Key Business Metrics

Posted on by Fred Wilson & Jason Li

012 - Key Business Metrics

The past five MBA Mondays posts have been about accounting concepts, financial statements, and related issues. I don’t know about all of you, but I’m a bit tired of that stuff. So I’m moving on to something a bit different.

Every business should have a set of metrics that it tracks on a regular basis. These metrics could include some of the accounting stuff we’ve been talking about like cash, revenues, profits, etc but it should not be limited to those kinds of metrics.

Early on when the company is developing its first product or service, those metrics might be related to product development like development resources, features completed, known bugs, etc. Once the product or service is launched, the metrics might shift to include customers, daily active users, churn, conversions from free trial to paid customer, etc.

As the business grows and develops, the amount of data you can collect and publish to your team grows. If you aren’t careful, you can overwhelm your team with data.

It becomes very important to distill the business down to a handful of key business metrics. There are usually four to six metrics that will be sufficient to determine the overall health and growth trajectory of the business and it is best to focus the team on them.

Our portfolio company Meetup has learned to focus on successful Meetup groups. Those are Meetup groups that are active, meeting regularly, have growing memberships, and are paying fees to Meetup. Meetup could focus on other data sets like monthly unique visitors, new Meetup groups, total registered users, revenues, profits, cash. They collect that data and share it with the team. But the number one thing they look at it successful Meetup groups and that has worked well for them. It is their key business metric.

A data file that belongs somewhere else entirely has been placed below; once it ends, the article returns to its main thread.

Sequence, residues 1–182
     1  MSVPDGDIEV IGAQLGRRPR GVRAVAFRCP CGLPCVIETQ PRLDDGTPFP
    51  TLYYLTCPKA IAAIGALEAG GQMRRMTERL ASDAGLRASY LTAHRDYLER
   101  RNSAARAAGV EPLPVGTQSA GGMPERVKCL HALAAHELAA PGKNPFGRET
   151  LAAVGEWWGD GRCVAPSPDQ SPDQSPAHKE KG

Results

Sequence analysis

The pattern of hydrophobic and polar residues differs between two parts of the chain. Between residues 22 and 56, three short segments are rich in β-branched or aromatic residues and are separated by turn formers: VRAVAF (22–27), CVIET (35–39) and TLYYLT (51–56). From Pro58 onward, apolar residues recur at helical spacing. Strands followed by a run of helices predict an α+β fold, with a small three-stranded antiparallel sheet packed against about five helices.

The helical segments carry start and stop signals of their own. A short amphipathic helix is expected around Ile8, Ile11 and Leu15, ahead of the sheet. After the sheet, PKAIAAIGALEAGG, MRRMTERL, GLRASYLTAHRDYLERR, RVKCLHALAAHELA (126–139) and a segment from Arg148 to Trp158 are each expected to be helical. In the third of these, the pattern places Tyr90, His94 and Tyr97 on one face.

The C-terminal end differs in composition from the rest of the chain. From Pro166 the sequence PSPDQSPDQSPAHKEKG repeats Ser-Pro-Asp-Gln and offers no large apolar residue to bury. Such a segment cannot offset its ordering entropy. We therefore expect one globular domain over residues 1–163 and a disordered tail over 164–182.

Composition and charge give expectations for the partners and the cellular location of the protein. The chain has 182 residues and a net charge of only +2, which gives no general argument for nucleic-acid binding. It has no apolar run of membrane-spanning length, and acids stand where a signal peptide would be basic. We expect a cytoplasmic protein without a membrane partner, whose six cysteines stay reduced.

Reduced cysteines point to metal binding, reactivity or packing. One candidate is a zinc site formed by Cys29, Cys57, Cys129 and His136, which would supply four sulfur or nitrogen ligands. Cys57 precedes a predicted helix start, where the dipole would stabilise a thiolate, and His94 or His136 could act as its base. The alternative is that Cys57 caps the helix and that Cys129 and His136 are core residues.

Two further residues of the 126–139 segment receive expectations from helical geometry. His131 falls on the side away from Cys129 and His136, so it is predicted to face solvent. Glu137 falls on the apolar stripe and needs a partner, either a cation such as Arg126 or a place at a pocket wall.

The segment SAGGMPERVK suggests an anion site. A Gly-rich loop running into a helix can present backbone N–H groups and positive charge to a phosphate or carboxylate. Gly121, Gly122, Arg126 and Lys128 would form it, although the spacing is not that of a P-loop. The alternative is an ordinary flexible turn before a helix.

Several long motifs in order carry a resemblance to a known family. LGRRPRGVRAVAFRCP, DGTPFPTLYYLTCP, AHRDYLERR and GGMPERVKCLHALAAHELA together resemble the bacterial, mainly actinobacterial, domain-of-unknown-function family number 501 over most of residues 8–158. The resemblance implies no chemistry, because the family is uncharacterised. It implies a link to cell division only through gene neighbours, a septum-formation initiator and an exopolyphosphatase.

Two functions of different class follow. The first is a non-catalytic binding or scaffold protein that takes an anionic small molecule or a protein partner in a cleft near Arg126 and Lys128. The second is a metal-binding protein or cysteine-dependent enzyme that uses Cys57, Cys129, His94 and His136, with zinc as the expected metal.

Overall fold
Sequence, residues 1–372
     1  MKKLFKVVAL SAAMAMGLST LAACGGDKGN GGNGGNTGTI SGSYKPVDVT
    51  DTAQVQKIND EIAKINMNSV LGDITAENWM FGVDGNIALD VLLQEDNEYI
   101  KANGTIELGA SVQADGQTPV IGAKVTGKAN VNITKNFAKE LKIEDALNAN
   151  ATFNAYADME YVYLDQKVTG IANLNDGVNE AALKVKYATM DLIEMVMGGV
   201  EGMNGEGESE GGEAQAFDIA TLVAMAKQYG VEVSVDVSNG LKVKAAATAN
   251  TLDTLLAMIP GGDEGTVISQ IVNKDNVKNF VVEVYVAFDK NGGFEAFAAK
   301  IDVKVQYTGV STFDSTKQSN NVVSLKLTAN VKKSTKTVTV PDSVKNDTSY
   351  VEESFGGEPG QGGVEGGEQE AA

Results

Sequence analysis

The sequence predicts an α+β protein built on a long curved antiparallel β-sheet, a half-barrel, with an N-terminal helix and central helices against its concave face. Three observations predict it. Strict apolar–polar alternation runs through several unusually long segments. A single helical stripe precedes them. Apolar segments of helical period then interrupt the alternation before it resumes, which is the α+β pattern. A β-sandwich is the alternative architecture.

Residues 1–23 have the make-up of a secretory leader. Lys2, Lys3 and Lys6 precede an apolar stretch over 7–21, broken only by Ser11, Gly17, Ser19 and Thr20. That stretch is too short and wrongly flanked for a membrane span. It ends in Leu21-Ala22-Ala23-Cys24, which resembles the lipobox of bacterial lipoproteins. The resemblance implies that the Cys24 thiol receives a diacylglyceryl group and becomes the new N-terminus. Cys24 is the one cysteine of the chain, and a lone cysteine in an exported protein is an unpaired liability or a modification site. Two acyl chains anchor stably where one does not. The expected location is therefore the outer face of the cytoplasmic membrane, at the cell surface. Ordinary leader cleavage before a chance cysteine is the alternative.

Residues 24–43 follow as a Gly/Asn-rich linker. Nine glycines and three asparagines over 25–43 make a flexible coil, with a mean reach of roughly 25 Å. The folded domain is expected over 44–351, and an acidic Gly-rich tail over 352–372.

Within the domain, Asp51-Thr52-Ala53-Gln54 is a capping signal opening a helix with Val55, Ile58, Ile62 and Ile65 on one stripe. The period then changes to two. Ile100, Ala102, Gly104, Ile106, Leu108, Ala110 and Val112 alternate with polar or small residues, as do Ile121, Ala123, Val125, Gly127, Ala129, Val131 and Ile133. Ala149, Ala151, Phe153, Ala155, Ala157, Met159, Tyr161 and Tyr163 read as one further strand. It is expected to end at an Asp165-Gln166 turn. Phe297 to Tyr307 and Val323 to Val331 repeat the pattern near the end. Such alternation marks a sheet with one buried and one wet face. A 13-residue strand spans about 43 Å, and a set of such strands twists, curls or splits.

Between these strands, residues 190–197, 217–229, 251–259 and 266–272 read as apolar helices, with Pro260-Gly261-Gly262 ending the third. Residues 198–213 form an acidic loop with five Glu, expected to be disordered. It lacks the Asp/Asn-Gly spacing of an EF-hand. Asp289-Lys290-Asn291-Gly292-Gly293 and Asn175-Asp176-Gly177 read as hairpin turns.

Sometimes the most important data on your business is the hardest to collect. Twitter knows that the total number of times all tweets have been viewed each day, month, or year is a critical measure of the overall reach of the network. But because so many of those tweets are viewed on third party services, web pages, apps, etc, it is very hard to collect that data. The Company is only now starting to measure them.

Most key business metrics will be drivers of revenues and growth but not all of them. Etsy is focusing a lot of effort on its customer service metrics, which are a cost center not a revenue driver. But the Company knows that customer service is critical to the health of the marketplace, so customer service metrics are key business metrics for them.

The management team should spend time talking about and selecting the key business metrics to focus on. They should collect the data on a regular basis, the more real-time the better in my opinion, and they should publish the key business metrics to the entire team.

I do not believe it makes any sense to segment who gets to see what business metrics in a company. Sales metrics should be shared with development. Customer service metrics should be shared with finance. And so on and so forth.

Some companies buy big screens and mount them on the walls around the office and publish the key business metrics on them so everyone can see them. I like that approach. But I also like sending out a regular email to the entire company with the key business metrics and how they are trending. And of course, I think these metrics should be shared with the Board and key investors.